Declassified Memory Fragment
Baker + Tarpaga Dance Project
Thursday, October 12
“In the context of West African tradition, music and dance are one. One does not exist without the other.” Oliver Tarpaga of Baker + Tarpaga Dance Project
The act of “declassifying” is a process of revealing, exposing what is hidden from view and obscured, not spoken. Declassified Memory Fragment is a work of dance, live concert, and theater created as an open letter to life in countries—specifically Kenya, Ivory Coast, Zimbabwe—where everyday life is subjected to restrictions and cultural expectations of secrecy and privacy, even within the family.
An exploration of African lifestyles, cultures, beauty, complexities, and politics, the performance ranges from tremendous energy to haunting quiet, from beauty to terror. Led by an all-male cast from Burkina Faso, with an electrifying live band that at times supports and at other times takes center stage with the dancers, Declassified Memory Fragment caustically and humorously stages a two-tier society where craving for power simultaneously creates and unravels friendships—and yet a brotherhood remains.
Conception and Choreography Olivier Tarpaga Music Concept and Composition Olivier Tarpaga in collaboration with the Dafra Kura Band Lighting Cyril Givort Dramaturg and Artistic Advisor Esther Baker-Tarpaga Set Concept Olivier Tarpaga and Sada Dao Set Face-O-Sceno Props Sahab Koanda Costumes Olivier Tarpaga Musicians Flatié Dembelé, Boubacar Djiga, Daouda Guindo, Olivier Tarpaga Dancers Ousséni Dabaré, Aziz Dermé, Jérôme Kaboré, Adonis Nébié, Olivier Tarpaga
The presentation of Declassified Memory Fragment was made possible by the New England Foundation for the Arts’ National Dance Project, with lead funding from the Doris Duke Charitable Foundation and the Andrew W. Mellon Foundation.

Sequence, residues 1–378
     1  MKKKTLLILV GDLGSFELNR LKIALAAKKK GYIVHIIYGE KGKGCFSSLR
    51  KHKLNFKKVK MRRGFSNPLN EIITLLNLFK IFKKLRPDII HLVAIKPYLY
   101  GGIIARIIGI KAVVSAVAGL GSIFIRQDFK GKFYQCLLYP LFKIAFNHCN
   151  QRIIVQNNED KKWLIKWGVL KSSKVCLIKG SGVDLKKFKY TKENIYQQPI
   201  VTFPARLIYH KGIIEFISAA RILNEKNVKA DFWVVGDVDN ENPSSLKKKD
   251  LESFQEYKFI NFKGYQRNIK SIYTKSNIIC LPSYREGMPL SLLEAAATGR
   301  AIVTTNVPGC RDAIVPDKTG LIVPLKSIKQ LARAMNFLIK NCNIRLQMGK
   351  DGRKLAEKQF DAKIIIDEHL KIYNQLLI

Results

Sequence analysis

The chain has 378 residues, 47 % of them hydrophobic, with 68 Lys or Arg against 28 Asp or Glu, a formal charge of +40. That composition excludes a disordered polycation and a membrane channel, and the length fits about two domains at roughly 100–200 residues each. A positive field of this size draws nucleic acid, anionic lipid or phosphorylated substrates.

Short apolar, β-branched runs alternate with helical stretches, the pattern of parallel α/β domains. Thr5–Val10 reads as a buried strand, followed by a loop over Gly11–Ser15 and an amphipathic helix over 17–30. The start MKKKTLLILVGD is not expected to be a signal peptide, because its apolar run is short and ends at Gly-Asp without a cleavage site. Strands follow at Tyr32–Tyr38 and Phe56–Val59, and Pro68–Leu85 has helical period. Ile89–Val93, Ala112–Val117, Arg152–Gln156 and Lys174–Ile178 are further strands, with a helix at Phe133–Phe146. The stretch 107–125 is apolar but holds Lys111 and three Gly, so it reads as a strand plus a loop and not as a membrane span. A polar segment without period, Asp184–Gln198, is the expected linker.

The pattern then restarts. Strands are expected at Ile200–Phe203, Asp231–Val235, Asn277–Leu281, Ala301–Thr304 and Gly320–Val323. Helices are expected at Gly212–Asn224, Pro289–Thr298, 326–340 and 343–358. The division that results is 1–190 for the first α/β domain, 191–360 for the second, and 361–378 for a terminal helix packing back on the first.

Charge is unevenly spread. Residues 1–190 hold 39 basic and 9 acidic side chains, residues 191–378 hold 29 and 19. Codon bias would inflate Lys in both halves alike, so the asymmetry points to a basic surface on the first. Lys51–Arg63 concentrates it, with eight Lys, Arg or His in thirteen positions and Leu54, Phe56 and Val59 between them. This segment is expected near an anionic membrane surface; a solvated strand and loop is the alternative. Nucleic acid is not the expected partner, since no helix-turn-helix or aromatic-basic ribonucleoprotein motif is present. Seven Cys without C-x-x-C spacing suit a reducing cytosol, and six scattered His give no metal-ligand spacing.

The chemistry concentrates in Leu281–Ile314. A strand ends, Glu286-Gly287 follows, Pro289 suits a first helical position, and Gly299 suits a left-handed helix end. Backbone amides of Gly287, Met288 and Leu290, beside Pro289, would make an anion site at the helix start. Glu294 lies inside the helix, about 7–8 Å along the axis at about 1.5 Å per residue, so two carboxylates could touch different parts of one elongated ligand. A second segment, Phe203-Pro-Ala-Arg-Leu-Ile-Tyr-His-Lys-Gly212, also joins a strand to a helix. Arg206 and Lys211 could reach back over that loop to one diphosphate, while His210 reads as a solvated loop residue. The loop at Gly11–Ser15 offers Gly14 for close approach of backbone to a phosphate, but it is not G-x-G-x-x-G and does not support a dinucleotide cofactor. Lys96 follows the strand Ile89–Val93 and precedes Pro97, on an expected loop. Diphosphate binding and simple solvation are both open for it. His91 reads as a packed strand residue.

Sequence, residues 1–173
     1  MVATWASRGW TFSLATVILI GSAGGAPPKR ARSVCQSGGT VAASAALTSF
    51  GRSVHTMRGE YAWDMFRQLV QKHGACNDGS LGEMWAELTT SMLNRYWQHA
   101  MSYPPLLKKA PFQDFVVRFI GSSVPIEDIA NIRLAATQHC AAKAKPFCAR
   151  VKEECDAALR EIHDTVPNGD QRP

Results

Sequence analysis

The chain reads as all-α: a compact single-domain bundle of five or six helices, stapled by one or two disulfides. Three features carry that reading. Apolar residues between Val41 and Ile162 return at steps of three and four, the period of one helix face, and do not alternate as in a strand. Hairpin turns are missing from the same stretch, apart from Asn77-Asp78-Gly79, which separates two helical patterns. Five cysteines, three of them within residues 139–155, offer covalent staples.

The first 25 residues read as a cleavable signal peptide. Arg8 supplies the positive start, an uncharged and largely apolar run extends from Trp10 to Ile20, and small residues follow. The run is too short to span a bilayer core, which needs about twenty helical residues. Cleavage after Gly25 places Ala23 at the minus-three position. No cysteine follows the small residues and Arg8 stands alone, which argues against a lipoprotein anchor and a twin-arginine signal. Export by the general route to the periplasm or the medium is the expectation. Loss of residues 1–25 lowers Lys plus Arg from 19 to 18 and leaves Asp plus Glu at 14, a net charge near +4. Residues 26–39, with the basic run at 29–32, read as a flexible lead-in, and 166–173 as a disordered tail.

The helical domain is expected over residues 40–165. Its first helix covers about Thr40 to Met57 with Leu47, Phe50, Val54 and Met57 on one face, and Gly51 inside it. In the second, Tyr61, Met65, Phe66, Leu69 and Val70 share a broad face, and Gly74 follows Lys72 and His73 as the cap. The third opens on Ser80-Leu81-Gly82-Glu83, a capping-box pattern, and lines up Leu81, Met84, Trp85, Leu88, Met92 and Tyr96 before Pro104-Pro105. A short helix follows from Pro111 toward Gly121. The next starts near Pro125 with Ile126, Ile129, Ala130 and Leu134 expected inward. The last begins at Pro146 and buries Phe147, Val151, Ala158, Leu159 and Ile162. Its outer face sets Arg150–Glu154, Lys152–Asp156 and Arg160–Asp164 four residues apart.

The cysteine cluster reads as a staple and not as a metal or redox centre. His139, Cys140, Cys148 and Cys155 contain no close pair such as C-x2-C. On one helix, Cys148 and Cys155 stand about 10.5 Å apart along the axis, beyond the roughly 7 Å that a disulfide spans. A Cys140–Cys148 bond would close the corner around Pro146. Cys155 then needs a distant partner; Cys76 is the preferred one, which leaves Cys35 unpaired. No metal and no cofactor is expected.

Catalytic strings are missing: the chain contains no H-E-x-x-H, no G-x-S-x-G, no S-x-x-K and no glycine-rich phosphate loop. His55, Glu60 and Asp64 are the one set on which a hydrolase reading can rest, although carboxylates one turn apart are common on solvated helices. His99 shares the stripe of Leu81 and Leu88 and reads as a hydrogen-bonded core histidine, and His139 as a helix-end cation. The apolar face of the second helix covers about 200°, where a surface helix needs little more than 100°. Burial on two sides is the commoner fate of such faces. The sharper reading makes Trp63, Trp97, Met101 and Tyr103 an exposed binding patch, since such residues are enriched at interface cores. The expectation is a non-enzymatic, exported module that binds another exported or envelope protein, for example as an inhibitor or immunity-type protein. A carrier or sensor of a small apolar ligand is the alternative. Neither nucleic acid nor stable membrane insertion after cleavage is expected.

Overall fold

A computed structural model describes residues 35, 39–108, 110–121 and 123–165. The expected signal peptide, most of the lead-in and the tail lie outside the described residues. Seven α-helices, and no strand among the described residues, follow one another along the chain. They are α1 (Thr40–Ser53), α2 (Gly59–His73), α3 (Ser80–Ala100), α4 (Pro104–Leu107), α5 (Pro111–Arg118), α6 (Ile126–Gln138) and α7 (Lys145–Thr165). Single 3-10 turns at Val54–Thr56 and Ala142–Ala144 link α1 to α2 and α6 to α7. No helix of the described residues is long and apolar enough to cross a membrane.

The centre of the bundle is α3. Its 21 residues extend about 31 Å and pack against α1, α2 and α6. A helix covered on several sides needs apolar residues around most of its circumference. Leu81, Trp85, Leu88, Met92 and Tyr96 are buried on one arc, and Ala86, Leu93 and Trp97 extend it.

$29 general / $20.30 members (Click here to join and save 30% on tickets to all shows!)
$15 students & 25-and-under
About the Company
Baker & Tarpaga Dance Project is a transnational performance project founded in 2004 by Esther Baker-Tarpaga and Olivier Tarpaga. Some projects center on dance theater, others in performance art, and others in music only. All the work creates a rich blend of music and physical image making, BTDP is currently based in Philadelphia, and Ouagadougou, Burkina Faso. BTDP are embodied border crossing ethno-choreographers investigating the beauty and dissonance of the human condition. Their work has been performed at REDCAT, Highways, The Alex Theatre, and John Anson Ford Amphitheatre in Los Angeles, VSA N4th in New Mexico, Cornell College, Purdue University, Denison University, Rich Forum Stamford Center for the Arts, CT, Jacob’s Pillow Inside Out Festival, Action Danse Festival in Morocco, Center Stage Santa Barbara, The Ohio State University, Dialogue De Corps in Burkina Faso, The Maitisong Festival in Botswana, Abok I Ngoma Festival in Cameroon, and The French Cultural Center in Senegal.
About Olivier Tarpaga
Lester Horton Award-winning dancer–choreographer and musician Olivier Tarpaga is a dance lecturer at the Lewis Center for the Arts and a music lecturer at the Department of Music, Princeton University. Tarpaga is the founder and artistic director of the internationally acclaimed Dafra Drum and Dafra Kura Band and co-founder of Baker & Tarpaga Dance Project. He danced with David Rousseve/REALITY from 2006 to 2010 when he was also a State Department Art Envoy in South Africa, Botswana, Burkina Faso, and Sri Lanka. Commissions include: Wind of Nomads (2017) by Malaysia’s internationally renowned HANDS percussion; MAYA dance theater of Singapore for RESIST, RESURGE: Traces of Hope (2015) ; the Ministry of Culture of Niger to train and mentor Abdallah Dance Company and serve as an artistic advisor during the making of Une pour trois for the Francophonie games in Nice, France (2013); the Temple of Fine Arts in Perth, Australia to create The way of sands (2012); Zig Zag Ballet to choreograph Visage at the Rich Forum Stanford Center for the Arts in CT. Tarpaga has performed and recorded with celebrity rock star POE at Capitol Records in Hollywood. In 2008, he was invited to re-interpret Beethoven’s Symphony No. 9 with West African instruments for a sold-out concert with British singer Billy Bragg and numerous guests at the Broad Stage in Santa Monica, CA. Tarpaga is the artistic director of Nomad Express International Multi-Arts Festival in Ouagadougou, Burkina Faso, and has performed and taught dance in fifty countries throughout Africa, Europe, the Americas, Asia, and Oceania.